B5- Art Conversation- University Art Museum

The University Art Museum was first created in the 70’s, where the bookstore stands today on upper campus. It became the first accredited museum in the Cal State system. After some time it was moved to the library where it was given a whole floor to showcase artwork. Yet recently, the Horn Center, on lower campus, was built; and the museum claimed one end of the building to move to its work into. Along with showcasing local artists, the museum also offers kindergarten through 12th grade classes that are sometimes taught by graduate students that are looking into getting their teaching credential.

Currently up for viewing, the museum is hosting the exhibit called, “Call and Response, When We Say…You Say.” The artists that contributed to the exhibit focused on showing pieces that resonated and responded to the community. The artist’s have included their own artwork as well as artwork from other artists, such as Andy Warhol, Lee Krasner, and Peter Kowalski. The set up of the art around the museum creates a n overall illusion of disconnection. It creates this tone by echoing pieces in different areas of the building. For example, a piece by Krasner is reflected by grid-like art that contains similar colors. Another way of showing disconnection was by putting different pieces created by Warhol in separate rooms inside the museum. The artists also set up their exhibit in this fashion in order to draw viewers all around and explore all the work that was presented.

Reflection of Lee Krasner
Lee Krasner

With provided information from the curator, Christina A., many of the pieces were explained in depth. To begin she touched on Krasner’s piece and the one displayed next to it as abstract; however, to the artist’s that created the exhibit, it exemplified their purpose by showing grids and boundaries between colors and subjects. For the exhibit as a whole, it represented a feeling of separation or disconnection as did the way they set up their pieces. The second part of the exhibit was filled with work that represented separation within a community. The statues in the middle of the floor in the first picture are actually gated doors you would find on an apartment door. These doors were meant to keep unwanted things out and good things in; however, the artist bent them in a way that is jagged, dangerous, and bad. By doing so, a viewer can understand the controversial question, “Do we go behind doors to protect ourselves from the world around us or from the hidden truth of what we are?” Also featured in the picture are substances known as rubbing alcohol and acetone. What is not shown by the picture is a third substance on the opposing wall that features sinus medications, and when put together they create the drug called methamphetamine. Together the jagged doors and dug ingredients represented bad neighborhoods.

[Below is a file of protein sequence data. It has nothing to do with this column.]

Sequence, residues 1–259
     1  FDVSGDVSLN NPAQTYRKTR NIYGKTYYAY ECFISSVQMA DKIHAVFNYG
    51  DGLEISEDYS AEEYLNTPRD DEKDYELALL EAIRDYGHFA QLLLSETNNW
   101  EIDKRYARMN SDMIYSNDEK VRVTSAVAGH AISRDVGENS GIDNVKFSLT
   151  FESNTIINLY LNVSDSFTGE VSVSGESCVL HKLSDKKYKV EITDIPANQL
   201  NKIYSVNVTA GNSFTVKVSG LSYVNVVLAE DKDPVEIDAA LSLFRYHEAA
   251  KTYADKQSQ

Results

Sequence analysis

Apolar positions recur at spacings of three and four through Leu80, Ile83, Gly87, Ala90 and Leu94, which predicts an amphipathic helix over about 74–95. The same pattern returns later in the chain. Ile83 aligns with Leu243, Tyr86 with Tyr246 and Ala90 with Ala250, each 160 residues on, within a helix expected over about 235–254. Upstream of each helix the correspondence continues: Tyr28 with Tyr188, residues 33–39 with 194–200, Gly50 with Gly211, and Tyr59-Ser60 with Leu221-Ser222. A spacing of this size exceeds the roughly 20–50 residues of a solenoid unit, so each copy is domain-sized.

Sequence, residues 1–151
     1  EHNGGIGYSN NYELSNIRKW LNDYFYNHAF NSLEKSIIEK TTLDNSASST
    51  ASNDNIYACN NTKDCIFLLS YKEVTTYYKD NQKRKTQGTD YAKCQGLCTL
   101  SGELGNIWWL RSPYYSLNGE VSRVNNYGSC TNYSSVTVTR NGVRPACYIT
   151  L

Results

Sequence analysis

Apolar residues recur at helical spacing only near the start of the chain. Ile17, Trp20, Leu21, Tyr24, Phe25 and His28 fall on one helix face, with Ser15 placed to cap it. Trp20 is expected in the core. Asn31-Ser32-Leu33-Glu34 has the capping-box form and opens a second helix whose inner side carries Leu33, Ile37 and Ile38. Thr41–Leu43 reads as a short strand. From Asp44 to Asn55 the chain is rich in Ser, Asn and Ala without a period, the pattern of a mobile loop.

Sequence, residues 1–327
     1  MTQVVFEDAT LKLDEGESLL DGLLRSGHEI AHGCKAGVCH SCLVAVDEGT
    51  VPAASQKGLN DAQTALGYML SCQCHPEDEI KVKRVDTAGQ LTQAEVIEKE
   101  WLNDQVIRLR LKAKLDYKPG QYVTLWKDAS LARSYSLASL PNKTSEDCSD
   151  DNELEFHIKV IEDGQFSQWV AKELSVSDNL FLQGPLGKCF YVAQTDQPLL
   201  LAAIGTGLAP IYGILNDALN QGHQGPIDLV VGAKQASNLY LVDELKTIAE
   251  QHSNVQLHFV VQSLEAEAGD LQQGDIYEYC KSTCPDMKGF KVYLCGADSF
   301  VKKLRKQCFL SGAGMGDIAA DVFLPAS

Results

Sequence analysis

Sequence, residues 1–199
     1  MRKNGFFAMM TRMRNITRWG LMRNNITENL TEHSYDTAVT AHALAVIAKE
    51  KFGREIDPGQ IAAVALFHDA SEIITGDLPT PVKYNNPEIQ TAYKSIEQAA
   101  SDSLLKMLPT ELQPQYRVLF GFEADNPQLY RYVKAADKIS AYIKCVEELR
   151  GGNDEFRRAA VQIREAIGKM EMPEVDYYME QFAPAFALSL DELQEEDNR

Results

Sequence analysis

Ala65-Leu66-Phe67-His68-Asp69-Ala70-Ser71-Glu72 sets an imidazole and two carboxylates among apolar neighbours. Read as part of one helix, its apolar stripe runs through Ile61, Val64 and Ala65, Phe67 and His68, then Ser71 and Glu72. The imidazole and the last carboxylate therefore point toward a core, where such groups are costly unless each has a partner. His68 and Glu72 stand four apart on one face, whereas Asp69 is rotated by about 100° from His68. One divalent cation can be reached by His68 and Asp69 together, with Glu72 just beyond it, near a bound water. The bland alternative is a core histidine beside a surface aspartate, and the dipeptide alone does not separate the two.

My experience at the University Art Museum at California State University: Long Beach was incredible. The concept that the artists wanted to represent was displayed well and when further explained about what each piece meant to portray and why the art was set up the way it was helped illustrate their purpose and story. It was fascinating how there were several ways people could represent their artist statement and story. The connection between the pieces, even though they were completed by various artists, was interesting. You could understand each artist’s perspective on the subject, even when there was an explanation needed to uncover the meaning behind the piece. Overall, I enjoyed visiting the University Art Museum and thought the exhibit presented was fascinating.

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